2014 Boston Bikes Update

Bike czar Nicole Freedman gave her sixth annual report on the state of cycling in Boston in the Great Room at Faneuil Hall this Monday evening. Hundreds of bicyclists and bicycling advocates listened to her describe what Boston has accomplished and what the city proposes to accomplish in the coming years.

Mayor Marty Walsh was billed as attending, but he cancelled for reasons that were not disclosed. City Councillor Ayanna Pressley arrived late. She was the only elected official present.

Mayor Walsh did send a representative, chief of policy Joyce Linehan. Linehan noted that bicyclists made themselves known during the mayoral campaign and the candidates noticed. Advocacy organizations such as Livable Streets Alliance and the Boston Cyclists Union have made a difference in this town.

Joyce Linehan, the Mayor's Chief of Policy, speaks in Fanueil Hall at the Boston Bike Update.
Joyce Linehan, the Mayor’s Chief of Policy, speaks in Fanueil Hall at the Boston Bike Update.

Freedman ran through a litany of accomplishments. Boston has doubled its bicycling mode share since 2007, from 1% to 2%. Twenty miles of bike lanes were added last year alone. One of them, on D Street in South Boston, is Boston’s first contraflow bike lane, allowing bicycles to legally ride in the opposite direction of motor vehicle traffic. Hubway, Boston’s bicycle share system, now has 140 stations with about 1200 bicycles, which have been used to take 1.6 million trips.

Students from Bikes Not Bombs hold up pro-bicycling signs.
Students from Bikes Not Bombs hold up pro-bicycling signs. Bikes Not Bombs won Organization of the Year.

Boston Medical Center has begun to “prescribe” bike rides to patients, allowing those with low incomes to get a Hubway membership for five dollars a year.

Freedman said that the city has set three goals for 2020: attain a 10% modeshare, achieve a 50% reduction in injuries from crashes, and become an equity leader. Equity, or how those of all backgrounds and incomes in all of Boston’s neighborhoods can take advantage of the bike infrastructure, was repeatedly brought up. A survey by Boston Bikes revealed it to be the lowest priority among current bicyclists, at least among those who were surveyed. Freedman believes equity is critical, though, reasoning that a bicycle network built only for some is not only unjust, but also politically unsustainable.

Nicole Freedman of Boston Bikes
Nicole Freedman of Boston Bikes speaks at Faneuil Hall

Bicyclists can look forward to bike facilities around the Public Garden and Boston Common. A cycletrack will be built downtown as part of the Connect Historic Boston project. Also, for the first time, the city budget allows for the maintenance of current bike lanes.

Boston has completed its first Bike Network Plan, an ambitious effort to create primary, protected routes for bicyclists to traverse the city and marked secondary routes to get to popular destinations. The network will cover 356 miles in 2043, 167 of them off-road lanes or cycletracks. The focus on cycletracks is intended to spur the majority of Boston’s residents, who would like to bike but are too afraid to do so, to get on the road. Freedman asked vehicular cyclists not to worry because “we will still have streets with traffic for you.”

Map of Boston's Five-Year Bike Plan
Boston’s Five-Year Bike Plan (source: 2013 Boston BIke Network)

Freedman invited a couple of guest speakers who have recently become advocates for bicycling in the city. Jennifer, a Hubway member, said she was so taken by the experience of riding that she seldom takes the T any more – just three times last year. She believes that getting more people to ride will help reduce pollution where she lives, allowing her to keep her windows open more often.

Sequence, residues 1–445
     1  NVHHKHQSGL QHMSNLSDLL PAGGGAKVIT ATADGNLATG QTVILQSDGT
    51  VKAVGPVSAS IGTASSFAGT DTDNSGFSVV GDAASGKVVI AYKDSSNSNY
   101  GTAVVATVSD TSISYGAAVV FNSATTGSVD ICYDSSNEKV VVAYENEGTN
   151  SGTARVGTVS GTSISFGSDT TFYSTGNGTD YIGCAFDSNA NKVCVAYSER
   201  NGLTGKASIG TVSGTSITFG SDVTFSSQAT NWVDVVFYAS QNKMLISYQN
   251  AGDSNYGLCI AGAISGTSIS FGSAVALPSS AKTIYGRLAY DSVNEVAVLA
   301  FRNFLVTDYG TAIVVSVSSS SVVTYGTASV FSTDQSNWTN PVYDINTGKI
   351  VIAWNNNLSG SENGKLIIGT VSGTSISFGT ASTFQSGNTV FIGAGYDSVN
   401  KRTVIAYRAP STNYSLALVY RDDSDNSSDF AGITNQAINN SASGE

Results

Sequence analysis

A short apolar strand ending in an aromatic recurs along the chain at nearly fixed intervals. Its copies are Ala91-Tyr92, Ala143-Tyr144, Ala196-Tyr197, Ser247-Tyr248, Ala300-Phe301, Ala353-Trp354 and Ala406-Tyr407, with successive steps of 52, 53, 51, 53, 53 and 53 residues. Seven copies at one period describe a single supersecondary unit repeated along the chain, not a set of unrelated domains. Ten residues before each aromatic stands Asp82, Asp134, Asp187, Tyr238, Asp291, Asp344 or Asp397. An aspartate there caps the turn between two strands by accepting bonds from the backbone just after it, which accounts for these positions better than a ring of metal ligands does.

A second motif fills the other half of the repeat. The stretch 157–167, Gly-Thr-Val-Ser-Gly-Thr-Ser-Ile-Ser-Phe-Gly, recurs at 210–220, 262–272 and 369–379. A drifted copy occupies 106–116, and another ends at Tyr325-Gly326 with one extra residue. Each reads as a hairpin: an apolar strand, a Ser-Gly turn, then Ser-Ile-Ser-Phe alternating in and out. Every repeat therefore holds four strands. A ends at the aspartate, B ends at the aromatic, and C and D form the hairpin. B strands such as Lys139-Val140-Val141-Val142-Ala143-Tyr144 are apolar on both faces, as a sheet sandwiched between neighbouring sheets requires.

Hubway member Jennifer shares her experience as Freedman looks on.
Hubway member Jennifer shares her experience as Freedman looks on.

Kituana, a student at Mass Art, received a bicycle through the Roll It Forward program. She raved about the ability to move through the city with all her senses, to feel connected, to experience the life around her. Bicycling has helped her relieve stress and become stronger.

While Freedman, with her judicious use of wit and self-effacement, once again excelled at her presentation, I found some of her answers to the public’s questions disappointing. She responded to a question on why three city bike path projects have been stalled by briefly addressing only one and ignoring the other two. She bypassed a number of questions on paper because she didn’t like them.

One of them was mine. I asked what a cyclist should do when confronted with a dangerous driver. When I have complained to the police of such behavior, they have told me that, unless I get hit by a car, there is nothing they can do. I believe a reporting system would benefit everyone in the city.

Eric Herot of Jamaica Plain pointed out that much of the proposed infrastructure does not require drivers to make many sacrifices. Freedman acknowledged that the city has at first gone after “low-hanging fruit,” but that it also has asked for some sacrifices such as on Mass Ave and Brookline Ave. She then said, “The more we ask to remove something from drivers, the better that we need to be at making sure that we are following the rules of the road and making sure that we are respected by the entire community.” While Freedman said she doesn’t agree with this pushback from drivers, it makes it more difficult for her projects to get through public meetings.

I agree that bicyclists need to treat pedestrians and transit users with respect. But, especially after dire reports of imminent climate change, drivers should look to earn the respect of bicyclists and pedestrians, not the other way around.

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